Repairing A Wind-Damaged Copper Sheetmetal Roof Ridge & Installing A New Ridge Cap
- Procedure code:
- Hspg Prepared For Nps - Sero
- Thermal and Moisture Protection
- Sheet Metal Roofing
- Last Modified:
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We’ve reviewed these procedures for general consistency with federal standards for rehabilitating historic buildings and provide them only as a reference. Specifications should only be applied under the guidance of a qualified preservation professional who can assess the applicability of a procedure to a particular building, project or location. References to products and suppliers serve as general guidelines and do not constitute a federal endorsement nor a determination that a product or method is the best alternative or compliant with current environmental regulations and safety standards.
This procedure has the potential to alter the historic appearance or character of a building. It should only be performed by an experienced professional, and only upon approval from the regional historic preservation officer (RHPO) or designated representative.
This procedure should be performed under the direction of an historical architect or engineer, to decide the most efficient and least destructive manner for executing the work.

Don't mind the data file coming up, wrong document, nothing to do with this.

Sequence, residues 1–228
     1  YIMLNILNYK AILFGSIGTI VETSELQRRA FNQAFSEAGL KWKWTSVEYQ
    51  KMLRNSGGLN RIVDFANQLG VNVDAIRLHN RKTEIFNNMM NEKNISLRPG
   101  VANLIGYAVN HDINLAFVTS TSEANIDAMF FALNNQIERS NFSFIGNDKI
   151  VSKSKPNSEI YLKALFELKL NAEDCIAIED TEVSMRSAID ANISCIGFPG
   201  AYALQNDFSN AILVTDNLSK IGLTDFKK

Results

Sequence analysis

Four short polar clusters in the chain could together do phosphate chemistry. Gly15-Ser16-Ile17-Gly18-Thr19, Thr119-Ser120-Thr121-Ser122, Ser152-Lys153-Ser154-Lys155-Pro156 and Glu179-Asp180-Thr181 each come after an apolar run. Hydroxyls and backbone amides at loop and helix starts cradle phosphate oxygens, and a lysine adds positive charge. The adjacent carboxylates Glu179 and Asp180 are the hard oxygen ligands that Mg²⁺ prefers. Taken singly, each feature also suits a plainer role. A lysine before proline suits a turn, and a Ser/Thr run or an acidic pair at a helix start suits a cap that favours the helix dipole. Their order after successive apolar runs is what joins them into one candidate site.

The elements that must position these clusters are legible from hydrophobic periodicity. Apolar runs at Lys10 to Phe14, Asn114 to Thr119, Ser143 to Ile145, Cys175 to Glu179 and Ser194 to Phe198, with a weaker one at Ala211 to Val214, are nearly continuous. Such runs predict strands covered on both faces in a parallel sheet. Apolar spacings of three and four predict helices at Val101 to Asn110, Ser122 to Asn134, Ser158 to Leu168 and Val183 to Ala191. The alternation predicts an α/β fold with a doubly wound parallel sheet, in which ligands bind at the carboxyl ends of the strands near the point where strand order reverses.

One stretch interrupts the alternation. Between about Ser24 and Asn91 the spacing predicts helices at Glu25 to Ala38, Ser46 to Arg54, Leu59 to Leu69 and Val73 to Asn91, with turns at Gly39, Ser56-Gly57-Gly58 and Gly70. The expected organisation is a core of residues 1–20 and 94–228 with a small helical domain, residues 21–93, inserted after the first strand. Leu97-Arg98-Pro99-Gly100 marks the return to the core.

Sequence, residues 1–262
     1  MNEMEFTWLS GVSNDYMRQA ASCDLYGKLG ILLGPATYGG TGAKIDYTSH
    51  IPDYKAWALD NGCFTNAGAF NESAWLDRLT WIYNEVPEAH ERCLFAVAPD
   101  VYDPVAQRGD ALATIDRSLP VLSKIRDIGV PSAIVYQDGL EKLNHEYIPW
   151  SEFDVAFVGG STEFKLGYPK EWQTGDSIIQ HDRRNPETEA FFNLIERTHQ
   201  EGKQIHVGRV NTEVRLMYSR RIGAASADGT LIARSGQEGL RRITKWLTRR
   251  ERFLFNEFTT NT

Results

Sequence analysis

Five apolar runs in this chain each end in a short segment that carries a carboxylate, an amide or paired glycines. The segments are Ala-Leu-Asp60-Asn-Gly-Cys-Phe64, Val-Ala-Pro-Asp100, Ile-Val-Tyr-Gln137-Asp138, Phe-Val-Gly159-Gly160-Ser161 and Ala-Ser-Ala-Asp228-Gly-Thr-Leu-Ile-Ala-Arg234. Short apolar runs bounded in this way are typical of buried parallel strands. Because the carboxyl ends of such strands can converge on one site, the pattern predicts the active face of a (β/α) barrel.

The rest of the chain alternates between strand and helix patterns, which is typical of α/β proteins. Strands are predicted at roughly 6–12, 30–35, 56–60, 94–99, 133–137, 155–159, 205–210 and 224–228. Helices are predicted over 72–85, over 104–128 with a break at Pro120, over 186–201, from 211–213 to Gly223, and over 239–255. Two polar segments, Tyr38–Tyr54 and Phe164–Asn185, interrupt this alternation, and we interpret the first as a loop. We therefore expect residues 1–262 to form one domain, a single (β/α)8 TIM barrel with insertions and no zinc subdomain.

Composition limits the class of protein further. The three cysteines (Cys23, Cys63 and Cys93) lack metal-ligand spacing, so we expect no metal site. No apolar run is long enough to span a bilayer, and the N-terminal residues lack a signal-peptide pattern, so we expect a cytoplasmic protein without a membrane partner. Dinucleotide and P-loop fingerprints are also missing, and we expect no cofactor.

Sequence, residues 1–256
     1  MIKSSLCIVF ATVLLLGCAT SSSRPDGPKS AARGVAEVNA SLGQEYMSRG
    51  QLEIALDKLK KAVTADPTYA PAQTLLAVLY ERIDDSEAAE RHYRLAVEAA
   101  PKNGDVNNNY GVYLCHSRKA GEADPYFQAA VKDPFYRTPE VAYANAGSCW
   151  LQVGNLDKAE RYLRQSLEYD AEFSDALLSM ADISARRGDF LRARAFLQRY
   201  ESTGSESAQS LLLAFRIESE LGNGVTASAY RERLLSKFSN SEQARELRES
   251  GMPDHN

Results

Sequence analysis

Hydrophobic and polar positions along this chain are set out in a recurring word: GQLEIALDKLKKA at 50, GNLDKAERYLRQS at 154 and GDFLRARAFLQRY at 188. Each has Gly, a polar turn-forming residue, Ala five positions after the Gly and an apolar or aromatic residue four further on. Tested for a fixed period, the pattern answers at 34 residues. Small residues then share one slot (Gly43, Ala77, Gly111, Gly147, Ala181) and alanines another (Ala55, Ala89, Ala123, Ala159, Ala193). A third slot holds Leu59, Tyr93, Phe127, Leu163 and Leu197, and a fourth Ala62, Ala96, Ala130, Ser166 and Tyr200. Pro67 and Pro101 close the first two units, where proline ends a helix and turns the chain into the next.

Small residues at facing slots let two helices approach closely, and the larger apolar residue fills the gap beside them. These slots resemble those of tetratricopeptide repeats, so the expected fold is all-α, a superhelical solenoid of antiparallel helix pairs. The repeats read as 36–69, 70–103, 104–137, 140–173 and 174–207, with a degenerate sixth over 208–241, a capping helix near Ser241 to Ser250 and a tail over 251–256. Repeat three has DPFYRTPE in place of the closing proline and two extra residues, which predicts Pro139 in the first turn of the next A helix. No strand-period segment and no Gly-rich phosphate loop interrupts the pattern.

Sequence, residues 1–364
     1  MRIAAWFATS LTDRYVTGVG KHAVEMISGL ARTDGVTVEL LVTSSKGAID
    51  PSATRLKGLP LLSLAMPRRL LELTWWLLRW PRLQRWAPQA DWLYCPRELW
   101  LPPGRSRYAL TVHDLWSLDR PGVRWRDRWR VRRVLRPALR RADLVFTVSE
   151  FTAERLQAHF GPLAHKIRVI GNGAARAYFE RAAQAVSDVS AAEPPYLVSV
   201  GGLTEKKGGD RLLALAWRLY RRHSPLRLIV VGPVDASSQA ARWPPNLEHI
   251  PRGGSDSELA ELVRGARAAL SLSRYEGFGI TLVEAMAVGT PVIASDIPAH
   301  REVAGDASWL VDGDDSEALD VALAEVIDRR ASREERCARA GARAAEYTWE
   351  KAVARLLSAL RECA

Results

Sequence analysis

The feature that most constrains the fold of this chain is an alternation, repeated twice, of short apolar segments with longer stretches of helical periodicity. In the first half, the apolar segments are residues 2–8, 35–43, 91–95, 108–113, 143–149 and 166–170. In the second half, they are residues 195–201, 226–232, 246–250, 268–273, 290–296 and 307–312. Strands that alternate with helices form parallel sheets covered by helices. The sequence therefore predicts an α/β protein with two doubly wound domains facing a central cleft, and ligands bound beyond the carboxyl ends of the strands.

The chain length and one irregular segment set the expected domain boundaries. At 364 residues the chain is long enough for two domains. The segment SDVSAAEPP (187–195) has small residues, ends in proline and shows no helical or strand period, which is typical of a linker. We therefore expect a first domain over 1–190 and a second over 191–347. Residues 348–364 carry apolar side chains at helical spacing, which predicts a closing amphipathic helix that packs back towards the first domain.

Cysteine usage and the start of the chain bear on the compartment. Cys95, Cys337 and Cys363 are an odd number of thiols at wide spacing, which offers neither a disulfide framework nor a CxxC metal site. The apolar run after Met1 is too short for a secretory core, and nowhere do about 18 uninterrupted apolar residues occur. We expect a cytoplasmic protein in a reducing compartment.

A. This procedure includes guidance on repairing a copper sheetmetal roof ridge by removing the damaged section and welting on a new metal capping over timber battens. Note: Generally, this work should be accomplished by an experienced roofing contractor.
B. Wind loading is increased at the ridge of a roof. Cracks in the pans close to the ridge, or cracks on the ridge seam itself, are indications of wind displacement. The cracks occur because the standing seam, typically found at the ridge, lacks the necessary strength to withstand this pressure.
C. Typically a ridge roll is preferred over a standing seam ridge because it provides more strength at the ridge to withstand the forces of wind loads. Therefore, replacement of a standing seam ridge with a ridge roll is often the recommended treatment for wind damage of the ridge.
D. Safety Precautions